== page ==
The global banking industry faces its biggest challenge in decades. Hundreds of billions of dollars have been written down and wiped off its market value in the space of just six months. But shareholders looking to independent directors to shore up their interests and make sure the same mistakes do not happen again are likely to be disappointed. The make-up of many banks’ boards of directors means they simply aren’t qualified for the task.
ROGER BERLIND IS a theatrical producer. During the septuagenarian’s glittering career on Broadway, his shows have garnered an amazing 62 Tony awards. He has put on definitive productions of such classics as Guys and Dolls, Kiss Me Kate, Hamlet and Amadeus.
Marsha Johnson Evans, known commonly as Marty, has lived an impeccable life in public service. She is a retired rear admiral in the US Navy, a former national executive director of the Girl Scouts of the USA, and is president of the American Red Cross.
It is no wonder that such successful people are much in demand in corporate America. Indeed Dick Fuld, the chairman and chief executive of Lehman Brothers, asked both to sit on the board of the investment bank he has run so successfully for close on 20 years. As independent, non-executive directors, they no doubt bring that experience and wise counsel to bear in board meetings.
But it might come as a surprise to many Lehman observers that both Berlind and Evans also serve on the firm’s finance and risk committee. Such committees always have non-executive board representation to offer an independent voice to their important work. As Lehman only has one independent board director with any direct experience of the banking industry, it has no choice but to appoint apparently poorly qualified individuals to a role in which, one can assume, they would have needed to consider such complex positions as Lehman’s exposure to sub-prime, CDOs, SIVs and the like.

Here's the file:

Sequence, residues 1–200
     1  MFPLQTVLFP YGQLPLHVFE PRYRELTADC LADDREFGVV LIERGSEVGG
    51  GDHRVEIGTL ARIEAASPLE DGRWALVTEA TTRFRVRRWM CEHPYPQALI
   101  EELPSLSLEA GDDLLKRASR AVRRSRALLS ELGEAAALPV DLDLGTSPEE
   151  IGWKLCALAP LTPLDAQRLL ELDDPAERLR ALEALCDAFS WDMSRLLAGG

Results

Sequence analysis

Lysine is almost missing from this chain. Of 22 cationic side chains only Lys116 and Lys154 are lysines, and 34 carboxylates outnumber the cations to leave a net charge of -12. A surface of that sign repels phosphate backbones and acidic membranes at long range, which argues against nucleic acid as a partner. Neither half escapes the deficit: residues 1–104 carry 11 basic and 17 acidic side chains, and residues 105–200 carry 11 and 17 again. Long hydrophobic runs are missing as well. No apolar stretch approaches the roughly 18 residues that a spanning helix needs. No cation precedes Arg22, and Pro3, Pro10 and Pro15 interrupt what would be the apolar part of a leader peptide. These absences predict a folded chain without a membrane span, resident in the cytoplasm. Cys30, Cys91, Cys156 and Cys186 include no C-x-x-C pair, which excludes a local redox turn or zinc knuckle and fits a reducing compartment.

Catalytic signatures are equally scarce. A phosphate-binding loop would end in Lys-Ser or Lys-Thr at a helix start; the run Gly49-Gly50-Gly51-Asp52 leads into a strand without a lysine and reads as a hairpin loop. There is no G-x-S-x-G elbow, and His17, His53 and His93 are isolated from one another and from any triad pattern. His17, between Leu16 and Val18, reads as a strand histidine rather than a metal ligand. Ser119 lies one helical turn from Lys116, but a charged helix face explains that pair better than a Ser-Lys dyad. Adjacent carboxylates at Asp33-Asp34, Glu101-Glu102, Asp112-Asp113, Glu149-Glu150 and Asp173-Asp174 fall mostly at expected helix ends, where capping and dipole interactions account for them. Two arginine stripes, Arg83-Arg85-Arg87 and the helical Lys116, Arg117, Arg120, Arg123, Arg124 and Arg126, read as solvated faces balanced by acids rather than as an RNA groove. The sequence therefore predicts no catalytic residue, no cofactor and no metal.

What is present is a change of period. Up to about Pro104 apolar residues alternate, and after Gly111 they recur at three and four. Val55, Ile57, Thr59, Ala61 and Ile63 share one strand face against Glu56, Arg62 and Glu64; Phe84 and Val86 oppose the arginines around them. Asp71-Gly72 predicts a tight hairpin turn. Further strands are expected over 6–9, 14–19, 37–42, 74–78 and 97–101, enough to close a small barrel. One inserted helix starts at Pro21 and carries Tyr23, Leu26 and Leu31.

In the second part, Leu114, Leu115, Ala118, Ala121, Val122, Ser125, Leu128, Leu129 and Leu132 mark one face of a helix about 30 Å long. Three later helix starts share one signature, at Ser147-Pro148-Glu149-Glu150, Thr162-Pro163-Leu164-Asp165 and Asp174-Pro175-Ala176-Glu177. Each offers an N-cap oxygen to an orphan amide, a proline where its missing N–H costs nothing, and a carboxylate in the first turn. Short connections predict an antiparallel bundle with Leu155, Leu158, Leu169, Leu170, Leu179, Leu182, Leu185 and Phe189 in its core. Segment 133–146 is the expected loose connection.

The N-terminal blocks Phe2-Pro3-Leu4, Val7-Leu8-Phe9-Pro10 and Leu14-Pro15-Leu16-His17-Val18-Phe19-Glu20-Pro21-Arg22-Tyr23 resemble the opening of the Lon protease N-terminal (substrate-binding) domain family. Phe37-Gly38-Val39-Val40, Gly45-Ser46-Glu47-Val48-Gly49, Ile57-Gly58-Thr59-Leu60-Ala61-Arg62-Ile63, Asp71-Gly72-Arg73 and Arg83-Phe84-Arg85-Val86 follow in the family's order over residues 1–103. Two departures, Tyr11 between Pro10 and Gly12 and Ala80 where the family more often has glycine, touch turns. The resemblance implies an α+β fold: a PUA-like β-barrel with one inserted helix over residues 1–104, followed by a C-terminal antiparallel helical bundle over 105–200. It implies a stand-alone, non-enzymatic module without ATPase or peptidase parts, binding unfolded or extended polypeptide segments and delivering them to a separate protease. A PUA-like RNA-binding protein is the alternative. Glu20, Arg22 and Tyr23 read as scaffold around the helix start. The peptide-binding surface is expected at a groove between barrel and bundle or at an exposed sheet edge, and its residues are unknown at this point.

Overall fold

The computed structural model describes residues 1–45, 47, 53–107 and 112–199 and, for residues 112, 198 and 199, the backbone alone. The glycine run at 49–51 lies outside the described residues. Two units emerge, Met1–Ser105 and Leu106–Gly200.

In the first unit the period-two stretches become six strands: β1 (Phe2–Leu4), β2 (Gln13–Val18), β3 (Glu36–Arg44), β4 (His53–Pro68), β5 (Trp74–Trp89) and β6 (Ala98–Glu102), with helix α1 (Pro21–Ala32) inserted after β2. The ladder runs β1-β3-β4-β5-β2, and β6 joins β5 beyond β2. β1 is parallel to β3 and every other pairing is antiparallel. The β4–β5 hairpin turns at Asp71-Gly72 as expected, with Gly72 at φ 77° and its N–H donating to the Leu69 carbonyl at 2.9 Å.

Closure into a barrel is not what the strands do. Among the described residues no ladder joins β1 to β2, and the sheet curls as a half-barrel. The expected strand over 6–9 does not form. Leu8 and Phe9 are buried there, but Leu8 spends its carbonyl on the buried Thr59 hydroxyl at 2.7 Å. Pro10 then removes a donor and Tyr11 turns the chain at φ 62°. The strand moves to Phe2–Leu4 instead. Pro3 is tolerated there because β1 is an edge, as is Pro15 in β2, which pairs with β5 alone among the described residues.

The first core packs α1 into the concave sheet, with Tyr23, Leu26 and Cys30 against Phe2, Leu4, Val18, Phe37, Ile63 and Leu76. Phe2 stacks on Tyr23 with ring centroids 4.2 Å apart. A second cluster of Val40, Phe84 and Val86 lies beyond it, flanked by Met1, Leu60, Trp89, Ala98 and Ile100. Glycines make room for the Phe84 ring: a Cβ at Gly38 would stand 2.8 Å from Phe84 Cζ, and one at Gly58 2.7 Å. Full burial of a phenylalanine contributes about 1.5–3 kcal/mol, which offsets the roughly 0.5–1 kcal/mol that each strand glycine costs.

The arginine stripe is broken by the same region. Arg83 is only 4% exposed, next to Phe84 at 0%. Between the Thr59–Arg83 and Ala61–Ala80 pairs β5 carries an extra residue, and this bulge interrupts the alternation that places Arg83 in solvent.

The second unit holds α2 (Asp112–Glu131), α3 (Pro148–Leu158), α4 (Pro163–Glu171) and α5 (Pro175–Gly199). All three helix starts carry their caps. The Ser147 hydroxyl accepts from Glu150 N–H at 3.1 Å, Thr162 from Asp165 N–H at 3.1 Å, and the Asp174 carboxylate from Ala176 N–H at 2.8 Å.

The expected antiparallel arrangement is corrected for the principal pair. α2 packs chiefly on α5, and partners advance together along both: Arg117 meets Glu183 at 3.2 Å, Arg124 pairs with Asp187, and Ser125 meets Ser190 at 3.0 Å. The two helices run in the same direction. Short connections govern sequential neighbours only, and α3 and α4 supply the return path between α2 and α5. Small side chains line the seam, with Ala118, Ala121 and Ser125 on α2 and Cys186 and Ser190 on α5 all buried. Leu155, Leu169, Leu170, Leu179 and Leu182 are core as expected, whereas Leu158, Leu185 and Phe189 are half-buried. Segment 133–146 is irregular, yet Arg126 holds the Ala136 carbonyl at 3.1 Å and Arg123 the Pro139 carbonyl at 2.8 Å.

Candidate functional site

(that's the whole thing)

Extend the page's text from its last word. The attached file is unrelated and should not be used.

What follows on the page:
Lehman is far from alone in this. But its case is symptomatic of a worrying situation that faces a global banking industry already under huge scrutiny, extreme pressure, and with a compelling need for people to advise on and take tough and often complex measures – many of the world’s leading financial institutions suffer from a chronic lack of bankers on their boards of directors.
At a time when it has been shown that even senior executive financiers struggled, and often failed, to understand the risks associated with many of the products that have led to the sub-prime crash, many shareholders will now be asking how their interests could have been best served by the collection of industrialists, business executives, academics and public policy officials that populate the boards of the world’s biggest banks.
Boards without bankers
Research carried out by Euromoney in January of this year looked at 17 of the world’s biggest banks and investment banks. These financial institutions, according to their websites, had a total of 248 board directors between them. We analysed the biographies and CVs of these board members posted on each website to see how many mentioned any direct, relevant experience of working in the banking industry. We did not include those that have indirect experience through positions in other areas of the financial service industry such as private equity, asset management or insurance.
The results, published on the following pages, make for some surprising analysis. Fewer than one in three directors of these 17 banks has any direct experience of the banking industry. Most worrying for shareholders, only one in 10 directors are former bankers in a non-executive role – which is principally to represent investors’ interests on the board.
And the situation is worst at many of the US banks that have suffered most in the credit crunch. In fact our earlier analysis probably does a disservice to Berlind and Evans. At the time of going to press, Lehman’s finance and risk committee, which is chaired by non-executive director and former Salomon Brothers managing director Henry Kaufman, had apparently done a much better job than many of its Wall Street counterparts. Berlind’s career, it should be noted, includes a stint as one of the founders of Carter, Berlind, Potoma & Weill in 1960, a company that would later through Sandy Weill become Shearson Loeb Rhoades, which was eventually sold to American Express in 1981 for approximately $930 million in stock.